Tuesday, March 31, 2009

Jinx, by Meg Cabot

Jean hates her nickname, and that is Jinx. She is known for her bad luck. That's why she is excited that she is going to New York City for the year, in hopes to start a new, fresh life. But her dreams are ruined when her curse comes to haunt her once again. Will she make it before time runs out? Meg Cabot's Jinx lures you into the characters' lives and problems. It's a hilarious read and I recommend it to everyone.

- Reviewed by Katarina, grade 8.


Saturday, March 28, 2009

Number the Stars, by Lois Lowry

Number the Stars, by Lois Lowry, is a fictional book set during the Holocaust of World War II. Annemarie Johansen, a 10-year-old girl living in Denmark, faces a life filled with merciless Nazis prowling the streets of Copenhagen. She struggles for survival with her family and her Jewish friend. This book shows what a little girl can do in times of war and that a simple task can mean a lot. This book is very interesting, and it is also filled with suspense that kept me flipping each page faster and faster. I really enjoyed reading this book, it is one of my favorites. I recommend it to everyone, especially to those who are interested in historical fiction.

- Reviewed by C., grade 9.


Monday, March 23, 2009

A Walk to Remember - movie review

This movie, based on the book by Nicholas Sparks, is about Landon, the popular guy in school, falling in love with Jaime, the religious, good girl in school. He learns that she has Leukemia, which leads to a lot of very heartwarming and very sad things. This movie always makes me cry because of the sweet things Landon does for Jaime, her state of health, and how much more caring and a better person Landon becomes because of her. I would recommend this movie to anyone.

- Reviewed by Katrina, grade 11.


Wednesday, March 18, 2009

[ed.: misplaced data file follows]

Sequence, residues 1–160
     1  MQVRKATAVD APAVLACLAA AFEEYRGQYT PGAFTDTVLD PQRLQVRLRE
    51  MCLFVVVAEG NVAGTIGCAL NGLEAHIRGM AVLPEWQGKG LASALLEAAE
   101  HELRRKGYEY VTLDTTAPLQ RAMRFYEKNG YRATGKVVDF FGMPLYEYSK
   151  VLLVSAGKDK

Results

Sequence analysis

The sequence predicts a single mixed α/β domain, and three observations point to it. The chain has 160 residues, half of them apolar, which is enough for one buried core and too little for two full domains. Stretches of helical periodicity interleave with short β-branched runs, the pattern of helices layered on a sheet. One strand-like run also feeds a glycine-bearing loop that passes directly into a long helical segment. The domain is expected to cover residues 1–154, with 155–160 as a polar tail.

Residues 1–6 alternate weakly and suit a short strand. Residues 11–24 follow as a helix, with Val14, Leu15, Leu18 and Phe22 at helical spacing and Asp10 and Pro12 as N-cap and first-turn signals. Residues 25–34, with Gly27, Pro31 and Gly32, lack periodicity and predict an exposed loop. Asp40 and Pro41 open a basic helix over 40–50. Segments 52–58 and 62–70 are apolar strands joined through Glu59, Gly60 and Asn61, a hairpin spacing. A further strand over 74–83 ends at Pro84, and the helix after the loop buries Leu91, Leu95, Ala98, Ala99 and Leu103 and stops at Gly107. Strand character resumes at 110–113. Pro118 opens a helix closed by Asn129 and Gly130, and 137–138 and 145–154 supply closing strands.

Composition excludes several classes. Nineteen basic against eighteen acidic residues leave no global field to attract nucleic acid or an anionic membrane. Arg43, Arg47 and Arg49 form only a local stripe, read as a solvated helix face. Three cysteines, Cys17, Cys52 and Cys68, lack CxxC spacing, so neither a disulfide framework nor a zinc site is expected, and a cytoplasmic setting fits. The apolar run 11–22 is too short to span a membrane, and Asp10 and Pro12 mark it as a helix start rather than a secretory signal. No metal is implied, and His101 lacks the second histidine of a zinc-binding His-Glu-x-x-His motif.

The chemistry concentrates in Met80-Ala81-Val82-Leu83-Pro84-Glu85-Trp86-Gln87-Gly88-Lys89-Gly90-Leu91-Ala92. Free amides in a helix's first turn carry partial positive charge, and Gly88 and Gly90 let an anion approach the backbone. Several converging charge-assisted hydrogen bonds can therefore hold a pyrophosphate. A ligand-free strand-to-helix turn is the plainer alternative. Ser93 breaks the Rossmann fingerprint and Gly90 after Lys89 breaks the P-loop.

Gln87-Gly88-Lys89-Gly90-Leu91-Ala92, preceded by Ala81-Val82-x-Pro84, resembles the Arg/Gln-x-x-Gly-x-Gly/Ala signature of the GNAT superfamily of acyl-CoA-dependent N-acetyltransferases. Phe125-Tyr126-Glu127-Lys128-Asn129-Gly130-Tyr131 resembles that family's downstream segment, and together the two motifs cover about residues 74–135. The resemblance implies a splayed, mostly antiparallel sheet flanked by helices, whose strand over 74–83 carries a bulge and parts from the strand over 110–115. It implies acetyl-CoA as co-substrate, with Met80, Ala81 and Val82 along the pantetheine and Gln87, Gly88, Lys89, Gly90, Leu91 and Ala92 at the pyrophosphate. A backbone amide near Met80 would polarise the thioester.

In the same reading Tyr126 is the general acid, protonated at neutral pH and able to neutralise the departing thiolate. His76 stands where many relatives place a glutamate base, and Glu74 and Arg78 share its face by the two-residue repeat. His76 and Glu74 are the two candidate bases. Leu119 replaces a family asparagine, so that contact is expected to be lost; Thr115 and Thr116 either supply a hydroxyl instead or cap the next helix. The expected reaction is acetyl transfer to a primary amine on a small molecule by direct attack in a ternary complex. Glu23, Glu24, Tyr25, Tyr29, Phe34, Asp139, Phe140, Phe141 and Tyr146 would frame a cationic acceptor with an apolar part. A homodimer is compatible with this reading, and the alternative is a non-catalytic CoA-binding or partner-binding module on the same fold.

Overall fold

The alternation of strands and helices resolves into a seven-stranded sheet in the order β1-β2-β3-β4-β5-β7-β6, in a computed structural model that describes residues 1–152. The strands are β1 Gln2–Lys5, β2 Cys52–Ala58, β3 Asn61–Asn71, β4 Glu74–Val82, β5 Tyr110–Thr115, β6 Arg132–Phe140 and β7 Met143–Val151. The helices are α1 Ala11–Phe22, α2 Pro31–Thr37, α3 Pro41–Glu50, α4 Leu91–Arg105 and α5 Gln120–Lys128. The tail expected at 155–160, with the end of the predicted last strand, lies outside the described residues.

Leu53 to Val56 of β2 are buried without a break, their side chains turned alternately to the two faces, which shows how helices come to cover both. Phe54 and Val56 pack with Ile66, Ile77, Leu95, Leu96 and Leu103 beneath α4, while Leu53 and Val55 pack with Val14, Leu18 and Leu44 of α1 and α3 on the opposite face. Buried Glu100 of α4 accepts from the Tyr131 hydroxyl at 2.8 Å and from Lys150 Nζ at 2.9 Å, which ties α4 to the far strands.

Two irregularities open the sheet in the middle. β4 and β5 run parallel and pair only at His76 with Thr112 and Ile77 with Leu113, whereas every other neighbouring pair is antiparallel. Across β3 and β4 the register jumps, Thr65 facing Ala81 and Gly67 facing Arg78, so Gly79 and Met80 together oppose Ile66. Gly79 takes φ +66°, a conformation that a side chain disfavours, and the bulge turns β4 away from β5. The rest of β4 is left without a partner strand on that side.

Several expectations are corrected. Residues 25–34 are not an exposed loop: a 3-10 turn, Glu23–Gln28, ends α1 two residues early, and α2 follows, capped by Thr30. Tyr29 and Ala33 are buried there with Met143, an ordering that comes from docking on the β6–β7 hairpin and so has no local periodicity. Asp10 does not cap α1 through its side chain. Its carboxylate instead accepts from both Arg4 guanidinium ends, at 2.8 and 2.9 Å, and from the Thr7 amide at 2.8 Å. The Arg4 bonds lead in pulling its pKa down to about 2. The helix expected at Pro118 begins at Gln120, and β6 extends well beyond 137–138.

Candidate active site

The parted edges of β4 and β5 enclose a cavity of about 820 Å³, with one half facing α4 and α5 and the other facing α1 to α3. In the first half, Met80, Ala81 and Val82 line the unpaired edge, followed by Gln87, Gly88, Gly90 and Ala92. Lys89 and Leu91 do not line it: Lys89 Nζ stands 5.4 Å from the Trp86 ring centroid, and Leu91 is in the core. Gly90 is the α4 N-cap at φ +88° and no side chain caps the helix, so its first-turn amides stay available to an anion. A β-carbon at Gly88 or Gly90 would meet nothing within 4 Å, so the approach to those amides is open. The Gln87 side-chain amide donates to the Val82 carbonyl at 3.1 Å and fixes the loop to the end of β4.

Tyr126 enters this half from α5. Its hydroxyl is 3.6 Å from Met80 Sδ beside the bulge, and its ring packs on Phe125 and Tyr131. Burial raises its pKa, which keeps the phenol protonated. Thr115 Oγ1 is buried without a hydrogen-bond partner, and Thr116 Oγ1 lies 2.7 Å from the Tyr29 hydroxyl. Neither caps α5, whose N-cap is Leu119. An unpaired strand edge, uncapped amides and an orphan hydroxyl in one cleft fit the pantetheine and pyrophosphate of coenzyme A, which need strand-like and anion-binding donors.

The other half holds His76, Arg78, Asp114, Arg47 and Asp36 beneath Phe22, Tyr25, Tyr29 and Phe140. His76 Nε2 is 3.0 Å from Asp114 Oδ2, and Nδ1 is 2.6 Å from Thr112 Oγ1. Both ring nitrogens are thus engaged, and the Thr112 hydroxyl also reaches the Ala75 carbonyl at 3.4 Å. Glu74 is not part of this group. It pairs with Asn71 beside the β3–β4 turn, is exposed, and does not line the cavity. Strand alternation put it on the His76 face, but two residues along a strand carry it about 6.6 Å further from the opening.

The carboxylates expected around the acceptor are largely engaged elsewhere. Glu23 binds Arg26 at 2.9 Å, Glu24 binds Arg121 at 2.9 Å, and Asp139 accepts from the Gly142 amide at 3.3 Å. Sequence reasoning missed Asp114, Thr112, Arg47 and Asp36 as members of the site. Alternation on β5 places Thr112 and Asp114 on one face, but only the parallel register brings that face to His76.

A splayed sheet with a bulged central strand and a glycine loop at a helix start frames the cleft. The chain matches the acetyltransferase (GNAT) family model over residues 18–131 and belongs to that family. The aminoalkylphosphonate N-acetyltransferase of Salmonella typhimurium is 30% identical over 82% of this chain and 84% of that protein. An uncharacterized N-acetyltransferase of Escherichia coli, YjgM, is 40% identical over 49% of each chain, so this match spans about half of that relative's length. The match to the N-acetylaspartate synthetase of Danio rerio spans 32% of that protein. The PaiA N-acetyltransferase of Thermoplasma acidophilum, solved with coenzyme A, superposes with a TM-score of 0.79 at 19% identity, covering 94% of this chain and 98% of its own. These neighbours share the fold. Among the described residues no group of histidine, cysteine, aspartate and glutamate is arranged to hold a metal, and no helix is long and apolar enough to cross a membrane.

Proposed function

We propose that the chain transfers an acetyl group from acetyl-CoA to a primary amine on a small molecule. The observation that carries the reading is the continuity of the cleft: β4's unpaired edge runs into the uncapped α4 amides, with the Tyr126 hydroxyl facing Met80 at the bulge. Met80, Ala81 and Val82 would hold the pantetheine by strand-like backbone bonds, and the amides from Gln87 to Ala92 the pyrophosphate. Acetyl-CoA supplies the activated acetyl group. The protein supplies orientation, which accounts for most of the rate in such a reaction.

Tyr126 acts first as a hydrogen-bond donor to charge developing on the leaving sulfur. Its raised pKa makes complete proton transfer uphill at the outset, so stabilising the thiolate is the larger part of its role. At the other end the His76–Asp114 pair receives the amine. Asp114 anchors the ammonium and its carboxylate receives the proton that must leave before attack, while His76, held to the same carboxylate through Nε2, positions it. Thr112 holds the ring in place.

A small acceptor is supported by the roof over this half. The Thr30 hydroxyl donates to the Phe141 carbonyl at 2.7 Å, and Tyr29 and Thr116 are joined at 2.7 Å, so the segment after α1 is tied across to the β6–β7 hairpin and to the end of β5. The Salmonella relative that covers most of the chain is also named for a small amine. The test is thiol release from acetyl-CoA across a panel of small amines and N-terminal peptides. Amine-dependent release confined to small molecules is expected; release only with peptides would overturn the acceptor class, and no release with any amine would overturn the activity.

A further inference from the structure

A Journey to the Center of the Earth, by Jules Verne

The classic book A Journey to the Center of the Earth, by Jules Verne, was a book I wouldn't mind reading again. The plot introduces 3 men who want to see what no mortal has seen before, and take a journey to the center of the Earth. It was a great book mainly because of the plot and the action it had in it. As the men progress deeper, they encounter more and more problems, and start to doubt whether or not they should have done this. My favorite part of the book was how it ends, but I don't want to give it away. There were a lot of interesting things in it, like how they used an eruption of hot water to bathe for the first time in weeks. The book also had some laughs in it, and I would recommend it to either a very good young reader or somebody that is at least 12, because the dialogue at times can get confusing, and the vocabulary that is used is somewhat complex. I personally give it a 4 out of 5, and the only exception was that it was just a bit too short and the ending ruined the concept. However, it was a great book in the sense of an action novel, and anybody interested in humans reaching the core of Earth should read this book.

- Reviewed by Gamer, grade 9.


Wednesday, March 11, 2009

The Earth, My Butt, and Other Big, Round Things, by Carolyn Mackler

In The Earth, My Butt, and Other Big, Round Things, by Carolyn Mackler, Virginia Shreves is a curvy, shy, insecure girl living in the city. After being criticized about her weight, she decides that enough is enough. Soon, she breaks out of her own, dyes her hair purple, gains a whole lot of confidence, and becomes the girl she always wanted to be after a lot of heartbreaking obstacles. Virginia is an inspiration because she shows girls that being beautiful on the outside is nothing if you aren't beautiful on the inside. I recommend this book for all teenage girls. This book is exciting, heartwarming, and a pleasure to read. I loved it and so will you!

- Reviewed by Ina, grade 9.


Thursday, March 5, 2009

The Dashwood Sisters' Secrets of Love, by Rosie Rushton

The Dashwood sisters live in the upside town in Sussex, England, and own an easeful mansion, as they call Holly House. Ellie is the sensible one, Abby, the drama queen, and Georgie, the tomboy. But when their luck runs out when disaster strikes, they are forced to move out from the Holly House and move to Norfolk, the tiny, practically lifeless town. But this journey will teach the three sisters secrets of life, risks, drama, and of course, love. This book, which is by Rosie Rushton, will teach you that you must listen to your head, but also your heart. I've read this book many times, and I've learned something new each time. I recommend this book to everyone.

- Reviewed by Katarina, grade 8.